Anheuser-Busch InBev SA (NYSE:BUD) confirmed Thursday that it was complying with the Justice Department and the Securities and Exchange Commission, as they both investigate the company’s joint venture in India to discern whether it is guilty of breaking U.S. foreign bribery law.
Several U.S. companies’ ventures in India have come under the microscope recently, as the SEC ensures that businesses aren’t turning to unlawful measures in order to skirt the country’s rigid international regulations. AB InBev became the latest firm to come under investigation in March, when the brewer announced the SEC was looking into its joint venture InBev India Int’l Private Ltd.
Now, The Wall Street Journal reports that the case advanced on Thurday, when the company announced that the Department of Justice was also joining in on the investigation, contending in its earnings statement, “Our investigation into the conduct in question is ongoing and we are cooperating with the SEC and the DOJ.”
The investigation will help both regulating bodies determine whether AB InBev’s agents and employees are guilty of violating standards of the Foreign Corrupt Practices Act — a law that helps ensure no bribery of foreign officials is used for business purposes. Though ABInBev has never been cited in other countries, more and more companies are reportedly giving into bribery tactics to surmount India’s rigid regulations.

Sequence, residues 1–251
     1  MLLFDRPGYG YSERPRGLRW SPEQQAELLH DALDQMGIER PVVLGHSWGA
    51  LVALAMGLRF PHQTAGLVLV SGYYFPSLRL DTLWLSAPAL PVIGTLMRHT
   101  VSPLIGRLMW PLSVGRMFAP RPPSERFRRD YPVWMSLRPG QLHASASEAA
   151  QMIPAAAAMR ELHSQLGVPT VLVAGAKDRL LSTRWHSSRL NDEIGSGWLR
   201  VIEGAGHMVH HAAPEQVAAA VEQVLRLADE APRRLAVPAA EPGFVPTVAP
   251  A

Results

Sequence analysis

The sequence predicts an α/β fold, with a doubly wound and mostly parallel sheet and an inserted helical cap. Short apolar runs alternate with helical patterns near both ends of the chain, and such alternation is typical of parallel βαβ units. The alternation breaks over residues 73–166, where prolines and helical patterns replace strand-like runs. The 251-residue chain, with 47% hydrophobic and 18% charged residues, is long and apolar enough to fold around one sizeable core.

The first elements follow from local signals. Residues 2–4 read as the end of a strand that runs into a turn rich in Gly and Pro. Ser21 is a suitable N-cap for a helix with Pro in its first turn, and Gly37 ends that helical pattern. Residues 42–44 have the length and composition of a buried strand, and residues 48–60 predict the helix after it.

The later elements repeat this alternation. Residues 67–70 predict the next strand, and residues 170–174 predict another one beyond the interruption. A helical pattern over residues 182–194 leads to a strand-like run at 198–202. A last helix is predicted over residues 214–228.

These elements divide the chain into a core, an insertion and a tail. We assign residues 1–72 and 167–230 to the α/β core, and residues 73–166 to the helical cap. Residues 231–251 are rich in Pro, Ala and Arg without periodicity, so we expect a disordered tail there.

Other alcohol companies to face FCPA inquiries in India include bourbon maker Beam Inc. and Diageo PLC. While Beam’s investigation is still ongoing, Diageo, the largest spirit company in the world, agreed to pay more than $16 million in the summer of 2011 on allegations that its employees were paying bribes in the country to further their own business purposes.
Wal-Mart Stores (NYSE:WMT) is another high profile company that has come under scrutiny for its India operations. The company has long been trying to break into the retailer gold mine that is India, but has met with significant resistance from the country’s strict international regulations.
Though it once seemed as though the retail giant was finally succeeding in overcoming these strict barriers to entry, the company is now facing bribery charges that the Central Bureau of Investigation is closely examining. The police agency maintains that Wal-Mart was putting money into a retailer before the market was opened to global retail leaders, and although Wal-Mart denies such claims, the investigation is still ongoing.
So things continue to remain at a standstill for Wal-Mart, even though it planned to open eight stores in India in 2013 with Bharti Enterprises, its partner in the wholesale business venture.
Despite rumors, Bharti Enterprises has so far remained loyal to Wal-Mart, and has not made an exit from the partnership. However, the painfully slow progress the retailer is making in the country could soon change that.